This becomes impossible if, as is often the case, the ball only crosses for a few milliseconds. The human eye cannot capture this and somebody inevitably suffers.
As welcome as technology is, it comes with the added pressure to work accurately. Prozone has become an increasingly common player performance analysis tool used by coaches and managers. This measures detailed statistics of an individual player’s performance, strengths and weaknesses.
Another exciting addition to technology in football is the imminent arrival of the miCoach Smart Ball, which is produced by Adidas. Due to be released in 2014, this could change the world of football coaching as we know it today.
The miCoach Smart Ball is a football that will measure every kick, every shot and every pass. Not only that, but the results can be relayed back to an iPhone or iPad using Bluetooth technology for instant analysis.
This new age football will contain a spring-mounted sensor in the middle of the ball, which will measure a kick.
The outside of the ball will guide players to pinpoint which part of the ball to strike in order to reach its goal.
Not only will this help players improve their individual skill, but will assist coaches with where to best position their players and decide tactics.
Adidas famously upped the ante in the football boots market many years ago by introducing the Adidas Predator boot. At the time, this was the ultimate boot that added power and bend when striking the ball. This boot was originally designed by former Liverpool Footballer Craig Johnston after retiring from playing football.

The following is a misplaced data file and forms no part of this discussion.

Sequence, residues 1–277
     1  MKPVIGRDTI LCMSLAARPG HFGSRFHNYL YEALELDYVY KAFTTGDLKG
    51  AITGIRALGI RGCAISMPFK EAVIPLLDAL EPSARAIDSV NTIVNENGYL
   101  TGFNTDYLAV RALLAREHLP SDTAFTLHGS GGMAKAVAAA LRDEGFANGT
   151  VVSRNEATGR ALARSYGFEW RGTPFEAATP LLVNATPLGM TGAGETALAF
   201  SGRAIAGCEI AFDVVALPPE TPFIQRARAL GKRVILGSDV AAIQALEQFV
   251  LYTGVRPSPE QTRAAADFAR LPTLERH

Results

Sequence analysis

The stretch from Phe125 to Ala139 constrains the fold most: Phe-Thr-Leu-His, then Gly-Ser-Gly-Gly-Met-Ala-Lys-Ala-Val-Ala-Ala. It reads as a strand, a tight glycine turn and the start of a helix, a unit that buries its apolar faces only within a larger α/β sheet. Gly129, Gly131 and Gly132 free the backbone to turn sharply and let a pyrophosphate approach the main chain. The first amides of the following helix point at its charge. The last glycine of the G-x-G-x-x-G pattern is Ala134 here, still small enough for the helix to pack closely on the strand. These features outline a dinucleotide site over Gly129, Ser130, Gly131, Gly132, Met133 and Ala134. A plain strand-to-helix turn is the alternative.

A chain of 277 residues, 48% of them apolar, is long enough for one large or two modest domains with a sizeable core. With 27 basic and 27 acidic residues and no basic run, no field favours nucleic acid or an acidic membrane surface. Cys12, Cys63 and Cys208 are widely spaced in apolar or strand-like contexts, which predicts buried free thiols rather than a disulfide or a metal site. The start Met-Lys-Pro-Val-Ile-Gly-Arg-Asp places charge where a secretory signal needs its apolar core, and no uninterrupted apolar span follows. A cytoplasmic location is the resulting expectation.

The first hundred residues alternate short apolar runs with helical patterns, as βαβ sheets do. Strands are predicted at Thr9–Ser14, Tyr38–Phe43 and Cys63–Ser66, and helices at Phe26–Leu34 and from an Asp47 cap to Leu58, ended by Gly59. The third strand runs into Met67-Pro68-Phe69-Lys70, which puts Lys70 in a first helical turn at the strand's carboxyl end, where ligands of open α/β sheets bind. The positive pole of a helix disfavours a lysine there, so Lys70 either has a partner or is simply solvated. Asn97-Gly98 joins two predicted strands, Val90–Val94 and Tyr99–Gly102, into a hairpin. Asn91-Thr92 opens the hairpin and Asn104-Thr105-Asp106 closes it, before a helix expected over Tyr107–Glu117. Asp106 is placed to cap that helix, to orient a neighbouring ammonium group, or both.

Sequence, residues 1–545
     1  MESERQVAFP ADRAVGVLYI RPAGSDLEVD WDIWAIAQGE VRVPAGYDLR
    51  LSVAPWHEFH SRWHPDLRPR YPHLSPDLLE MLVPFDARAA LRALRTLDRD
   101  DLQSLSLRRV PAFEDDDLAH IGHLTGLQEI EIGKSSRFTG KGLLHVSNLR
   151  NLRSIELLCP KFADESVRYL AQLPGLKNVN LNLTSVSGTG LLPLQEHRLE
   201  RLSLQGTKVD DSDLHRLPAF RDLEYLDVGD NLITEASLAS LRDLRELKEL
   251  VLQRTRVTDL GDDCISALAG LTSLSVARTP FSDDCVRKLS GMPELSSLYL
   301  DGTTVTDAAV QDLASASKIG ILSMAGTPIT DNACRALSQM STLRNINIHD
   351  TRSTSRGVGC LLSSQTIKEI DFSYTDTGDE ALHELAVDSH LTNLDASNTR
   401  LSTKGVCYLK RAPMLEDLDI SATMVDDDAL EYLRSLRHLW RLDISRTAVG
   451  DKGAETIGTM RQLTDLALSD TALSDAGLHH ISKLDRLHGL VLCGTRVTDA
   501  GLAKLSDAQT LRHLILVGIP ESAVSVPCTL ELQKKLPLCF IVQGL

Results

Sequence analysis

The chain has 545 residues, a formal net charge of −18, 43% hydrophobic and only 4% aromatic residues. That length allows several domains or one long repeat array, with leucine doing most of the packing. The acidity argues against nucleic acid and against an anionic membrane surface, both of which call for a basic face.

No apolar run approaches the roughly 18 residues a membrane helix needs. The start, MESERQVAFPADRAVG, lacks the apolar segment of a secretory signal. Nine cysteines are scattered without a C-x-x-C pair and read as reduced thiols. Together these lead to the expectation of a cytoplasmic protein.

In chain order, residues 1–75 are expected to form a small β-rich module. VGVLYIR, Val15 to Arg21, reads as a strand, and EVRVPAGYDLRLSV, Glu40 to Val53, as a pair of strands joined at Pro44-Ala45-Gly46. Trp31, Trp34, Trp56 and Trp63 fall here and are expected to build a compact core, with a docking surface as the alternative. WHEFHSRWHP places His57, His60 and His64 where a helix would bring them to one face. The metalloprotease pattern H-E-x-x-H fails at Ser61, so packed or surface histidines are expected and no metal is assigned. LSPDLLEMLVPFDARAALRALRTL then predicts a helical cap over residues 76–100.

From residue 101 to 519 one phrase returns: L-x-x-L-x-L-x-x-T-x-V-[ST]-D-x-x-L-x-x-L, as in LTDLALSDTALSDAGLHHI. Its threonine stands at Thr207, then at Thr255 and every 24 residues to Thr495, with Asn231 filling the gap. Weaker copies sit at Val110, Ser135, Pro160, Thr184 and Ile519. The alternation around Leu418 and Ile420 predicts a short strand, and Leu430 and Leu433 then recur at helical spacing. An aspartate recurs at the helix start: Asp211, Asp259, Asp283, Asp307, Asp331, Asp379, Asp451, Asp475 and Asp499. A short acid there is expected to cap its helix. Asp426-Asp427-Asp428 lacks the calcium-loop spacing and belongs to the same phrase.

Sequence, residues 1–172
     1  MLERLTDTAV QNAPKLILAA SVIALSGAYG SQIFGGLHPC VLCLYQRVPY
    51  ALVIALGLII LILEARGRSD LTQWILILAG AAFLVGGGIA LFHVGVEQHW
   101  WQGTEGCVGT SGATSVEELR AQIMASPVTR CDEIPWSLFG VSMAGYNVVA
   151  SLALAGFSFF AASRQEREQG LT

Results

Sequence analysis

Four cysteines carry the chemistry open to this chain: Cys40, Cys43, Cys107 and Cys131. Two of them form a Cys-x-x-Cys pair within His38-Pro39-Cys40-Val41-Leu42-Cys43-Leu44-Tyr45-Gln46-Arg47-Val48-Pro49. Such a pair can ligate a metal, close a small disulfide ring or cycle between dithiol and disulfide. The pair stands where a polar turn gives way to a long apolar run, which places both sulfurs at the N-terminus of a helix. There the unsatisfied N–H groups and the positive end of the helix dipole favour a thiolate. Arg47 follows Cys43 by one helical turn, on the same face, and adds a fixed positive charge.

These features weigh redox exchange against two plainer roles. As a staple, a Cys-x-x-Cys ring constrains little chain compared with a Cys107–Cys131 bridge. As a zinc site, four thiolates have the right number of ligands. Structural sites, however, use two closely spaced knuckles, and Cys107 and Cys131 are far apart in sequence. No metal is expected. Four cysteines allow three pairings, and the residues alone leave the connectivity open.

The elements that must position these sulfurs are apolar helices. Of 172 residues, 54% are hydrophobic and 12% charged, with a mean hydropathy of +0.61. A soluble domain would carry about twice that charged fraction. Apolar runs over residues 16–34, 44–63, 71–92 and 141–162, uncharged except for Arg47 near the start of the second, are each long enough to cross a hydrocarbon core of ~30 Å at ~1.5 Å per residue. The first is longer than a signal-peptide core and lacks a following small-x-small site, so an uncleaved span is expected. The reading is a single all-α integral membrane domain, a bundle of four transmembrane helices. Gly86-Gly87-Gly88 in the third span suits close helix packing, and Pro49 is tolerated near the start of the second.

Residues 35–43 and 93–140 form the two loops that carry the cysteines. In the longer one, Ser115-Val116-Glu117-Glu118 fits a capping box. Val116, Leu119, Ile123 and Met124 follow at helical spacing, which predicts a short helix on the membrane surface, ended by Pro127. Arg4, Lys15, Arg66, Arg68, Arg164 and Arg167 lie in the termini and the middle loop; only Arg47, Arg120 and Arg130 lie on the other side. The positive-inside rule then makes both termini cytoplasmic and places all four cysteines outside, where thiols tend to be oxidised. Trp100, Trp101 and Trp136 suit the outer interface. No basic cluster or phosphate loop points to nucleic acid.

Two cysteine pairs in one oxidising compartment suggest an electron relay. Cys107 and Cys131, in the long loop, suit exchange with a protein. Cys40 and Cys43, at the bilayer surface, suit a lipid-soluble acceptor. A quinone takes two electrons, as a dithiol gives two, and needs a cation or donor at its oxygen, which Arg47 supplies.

If that sounded magical, then the Adidas Nitrocharge 1.0 boot, which provides increased energy, sounds almost mythical.
Some of the best footballers in the world have successfully trialled it with pleasing results. The decisive factor with these boots is that once again technology is assisting players by improving their performance.
There is an elastic Energypulse outsole with an Energysling element in the upper sole which actually gives energy return with every step.
Energypulse is an elastic material element on the bottom that increases energy output. Energysling is a rubber sling going across the foot harnessing your energy for enhanced shooting and sprinting. Retailing in the region of $200 (£127), it can be a very good investment.
All this technology does however bring up the question of ability. If these new developments assist players in shooting hard, curling the ball, harnessing energy and coaching them on how to kick a ball, then where is the X factor that comes from being gifted at birth? What happens to the talent that players are born with and nurture as they develop?
There could be a danger of ‘average players’ being churned out in bulk because technology makes it so much easier. Technology is more robotic and manufactured, much like Television reality shows that give people their fifteen minutes of fame.
As much as we welcome technology with the ever increasing ‘internet generation’, financial investments and demands for instant success, there may be very little excuse for footballers or teams to perform below par in the future. Technology and money could well be prioritised over hard work, pure pedigree and raw talent.